I used some teal tricot to make a binding for the edge of the very narrow facing. It gets topstitched down, which is nice and fast, and didn’t turn out too terrible. And apparently I failed to get a decent picture of it. I really need better light in the basement. I used fusible knit interfacing in the undercollar (works much better!) cuffs, and facing, which was more or less perfect.

The front isn’t meant to overlap—the pattern features a button on each side with some kind of closure between. Probably the instructions elucidate. I just grabbed a purple hair elastic and stitched it down the middle into a figure-8, which seems to work well and can be easily replaced if it goes missing. I couldn’t find any large enough teal buttons in stash but I thought the purple was a good substitute. The pockets are a little small, but most importantly they’re there, and almost perfectly matched!

My aunt seems very excited about it. I’m hopeful it will be neutral enough to pair with a bright hat or scarf (or shirt), without being too boring.


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This is another one of those projects that seemed like a good idea at the time. Actually, i didn’t even mind the making so much. It was the making myself start making it that sucked eggs. I have a terrible time motivating myself for unselfish sewing.

The backstory is, I made my dad a shirt for Xmas—a short sleeved Negroni—back when we first moved back from Cowtown, and he has dutifully worn it every time we get together with them ever since. Which is flattering the first few times and then you realize he is definitely just wearing it because you are there, and then you have no idea if he actually even likes it at all.

In either case, though, it seemed like a good idea to give him another daughter-made option. So at least he’ll have options he doesn’t like.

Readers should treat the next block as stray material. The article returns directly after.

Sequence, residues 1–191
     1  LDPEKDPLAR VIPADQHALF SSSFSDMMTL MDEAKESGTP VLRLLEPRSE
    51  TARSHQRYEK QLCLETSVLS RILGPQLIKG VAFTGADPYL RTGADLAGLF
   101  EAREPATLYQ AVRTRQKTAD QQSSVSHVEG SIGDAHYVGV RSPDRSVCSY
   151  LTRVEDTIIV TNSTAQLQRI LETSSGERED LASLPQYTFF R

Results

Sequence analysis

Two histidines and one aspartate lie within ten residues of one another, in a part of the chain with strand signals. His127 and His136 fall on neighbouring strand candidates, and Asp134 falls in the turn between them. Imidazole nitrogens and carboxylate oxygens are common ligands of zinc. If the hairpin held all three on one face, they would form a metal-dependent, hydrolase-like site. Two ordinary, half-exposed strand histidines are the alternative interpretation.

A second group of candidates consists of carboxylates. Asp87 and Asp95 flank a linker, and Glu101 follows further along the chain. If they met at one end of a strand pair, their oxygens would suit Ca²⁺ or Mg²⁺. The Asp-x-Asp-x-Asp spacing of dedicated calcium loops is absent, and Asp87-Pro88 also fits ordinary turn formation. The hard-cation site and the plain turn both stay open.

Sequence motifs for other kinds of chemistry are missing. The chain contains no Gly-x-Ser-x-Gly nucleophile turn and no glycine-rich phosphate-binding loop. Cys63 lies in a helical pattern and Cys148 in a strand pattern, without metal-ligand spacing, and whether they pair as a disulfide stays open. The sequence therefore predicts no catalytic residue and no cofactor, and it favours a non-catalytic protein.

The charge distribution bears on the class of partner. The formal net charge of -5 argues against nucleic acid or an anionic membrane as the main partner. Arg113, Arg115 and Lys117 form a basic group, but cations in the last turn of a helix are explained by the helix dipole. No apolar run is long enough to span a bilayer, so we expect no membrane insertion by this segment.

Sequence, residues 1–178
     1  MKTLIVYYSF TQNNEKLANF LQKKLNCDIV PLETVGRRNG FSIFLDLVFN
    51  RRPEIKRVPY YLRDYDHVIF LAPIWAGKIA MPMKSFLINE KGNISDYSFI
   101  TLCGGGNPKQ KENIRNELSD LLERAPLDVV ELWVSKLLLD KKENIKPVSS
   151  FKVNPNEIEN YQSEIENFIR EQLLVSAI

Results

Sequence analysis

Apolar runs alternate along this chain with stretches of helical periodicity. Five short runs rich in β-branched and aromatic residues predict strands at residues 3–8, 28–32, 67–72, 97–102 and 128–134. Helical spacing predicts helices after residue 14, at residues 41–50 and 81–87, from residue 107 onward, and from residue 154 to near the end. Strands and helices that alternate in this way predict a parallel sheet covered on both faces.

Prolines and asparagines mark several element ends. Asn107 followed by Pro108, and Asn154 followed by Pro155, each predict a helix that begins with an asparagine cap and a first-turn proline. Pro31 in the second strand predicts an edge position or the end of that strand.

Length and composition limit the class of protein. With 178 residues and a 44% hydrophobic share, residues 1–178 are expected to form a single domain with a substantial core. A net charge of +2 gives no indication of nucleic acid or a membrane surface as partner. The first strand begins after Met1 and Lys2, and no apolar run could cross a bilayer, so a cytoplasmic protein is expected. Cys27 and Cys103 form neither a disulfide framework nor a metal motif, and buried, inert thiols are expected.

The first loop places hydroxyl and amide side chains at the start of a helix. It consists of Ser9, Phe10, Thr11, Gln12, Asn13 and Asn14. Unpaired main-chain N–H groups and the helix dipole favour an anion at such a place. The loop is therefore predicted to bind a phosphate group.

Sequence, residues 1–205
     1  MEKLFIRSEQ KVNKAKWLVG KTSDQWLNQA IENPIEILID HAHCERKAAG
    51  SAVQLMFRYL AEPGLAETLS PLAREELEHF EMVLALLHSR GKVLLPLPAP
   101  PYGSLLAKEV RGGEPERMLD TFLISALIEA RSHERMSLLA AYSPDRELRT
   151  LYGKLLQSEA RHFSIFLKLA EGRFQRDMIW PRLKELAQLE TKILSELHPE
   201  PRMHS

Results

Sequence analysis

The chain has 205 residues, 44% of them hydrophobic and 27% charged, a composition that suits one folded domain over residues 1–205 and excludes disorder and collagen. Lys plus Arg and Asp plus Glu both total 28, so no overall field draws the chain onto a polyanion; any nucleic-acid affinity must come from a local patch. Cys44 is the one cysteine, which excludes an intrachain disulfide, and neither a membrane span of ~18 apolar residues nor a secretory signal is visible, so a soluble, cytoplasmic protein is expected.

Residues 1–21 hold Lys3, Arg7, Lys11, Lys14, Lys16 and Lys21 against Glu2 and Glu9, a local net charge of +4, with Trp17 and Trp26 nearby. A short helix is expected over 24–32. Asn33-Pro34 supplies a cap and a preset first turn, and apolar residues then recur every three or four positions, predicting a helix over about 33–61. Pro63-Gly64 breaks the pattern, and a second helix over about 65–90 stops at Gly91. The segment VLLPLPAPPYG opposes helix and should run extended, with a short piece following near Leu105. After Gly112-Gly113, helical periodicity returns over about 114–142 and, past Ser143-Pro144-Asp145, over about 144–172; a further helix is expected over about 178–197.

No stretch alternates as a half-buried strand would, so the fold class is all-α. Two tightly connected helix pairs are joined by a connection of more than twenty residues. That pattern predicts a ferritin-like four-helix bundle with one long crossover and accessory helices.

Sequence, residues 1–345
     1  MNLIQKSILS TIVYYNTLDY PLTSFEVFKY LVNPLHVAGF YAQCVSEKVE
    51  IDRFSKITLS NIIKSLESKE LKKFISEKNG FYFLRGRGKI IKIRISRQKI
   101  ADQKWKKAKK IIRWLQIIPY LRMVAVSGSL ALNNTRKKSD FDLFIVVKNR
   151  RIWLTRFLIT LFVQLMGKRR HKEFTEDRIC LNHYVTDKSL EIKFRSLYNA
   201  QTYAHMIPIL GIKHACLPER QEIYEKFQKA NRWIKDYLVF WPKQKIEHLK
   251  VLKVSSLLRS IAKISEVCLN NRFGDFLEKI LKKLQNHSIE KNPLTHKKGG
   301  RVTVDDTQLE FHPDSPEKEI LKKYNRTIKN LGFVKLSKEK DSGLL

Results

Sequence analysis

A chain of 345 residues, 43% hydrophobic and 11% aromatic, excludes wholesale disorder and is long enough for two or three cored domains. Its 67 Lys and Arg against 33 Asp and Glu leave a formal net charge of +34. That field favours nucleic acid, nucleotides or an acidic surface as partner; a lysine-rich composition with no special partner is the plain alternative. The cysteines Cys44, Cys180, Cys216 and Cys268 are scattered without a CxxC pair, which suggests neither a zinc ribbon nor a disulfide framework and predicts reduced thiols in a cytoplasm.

After some digging around my Fabricland, I finally found a shirting that inspired me. It’s actually a home dec fabric, a medium weight cotton twill with a woven-in stripe. It’s a little thicker and a little softer than a quilting cotton.

For a pattern, since I was doing this as a shop project, I went with McCall’s 2447, in all its dated glory. I didn’t want a super-fitted or overly fussy pattern, and it actually seems fairly nicely drafted. It has a proper grain-elevator placket for the sleeve, a neat pocket detail, separate button band, and the collar isn’t as huge as I had feared. I checked the finished measurements and opted to make a medium rather than a large, because it’s hugely oversized. I’ve added 2″ to the sleeve length, which will hopefully be enough. I also made a cut-on button band rather than going with the separate route, because I was worried about stripe issues, but I like the option of the separate band for contrast and detail purposes.

I got a bit of coordinating quilt cotton to make contrast facings and a few other touches of color. The fun of menswear is in the little details, and it takes the right mindset for me to get in the mood.

I don’t feel like this is a crowning example of shirt making. My stitching isn’t quite as precise as I’d like, and the soft twill liked to shift around. I topstitched some of it at about 1/4″ and some is edge stitched and I like the edgestitch better, but not enough to go back and redo it all. I used three machines in construction, not counting the serger, which I only used to finish the armscye since I’m too lazy to flat-fell. I used my usual Janome for the main construction, with walking foot to facilitate stripe matching on the collar and back yoke. I used my grandmother’s old Rocketeer for the buttonholes. And I used a 70s-era Elna a friend gave me last summer for the top stitching, since it has a speed control, which is pretty much my favourite thing for top stitching ever.

On the other hand, I really like the overall effect. I like my little blue touches.

I kicked ass on the buttonholes (once I smartened up and put wash-away stabilizer under them all.)

I really like my pocket mod. (I used the pattern piece provided but not the construction method.)

And I think for a slouchy comfy shirt it might actually be just fine, even if I won’t be showing off my fine details.

To be honest, the more the topstitching trauma fades, the happier I am with it. It’s a soft, casual shirt but not sloppy, which I think SHOULD suit my dad’s current retired-professor lifestyle.

Who knows, he might even actually like it!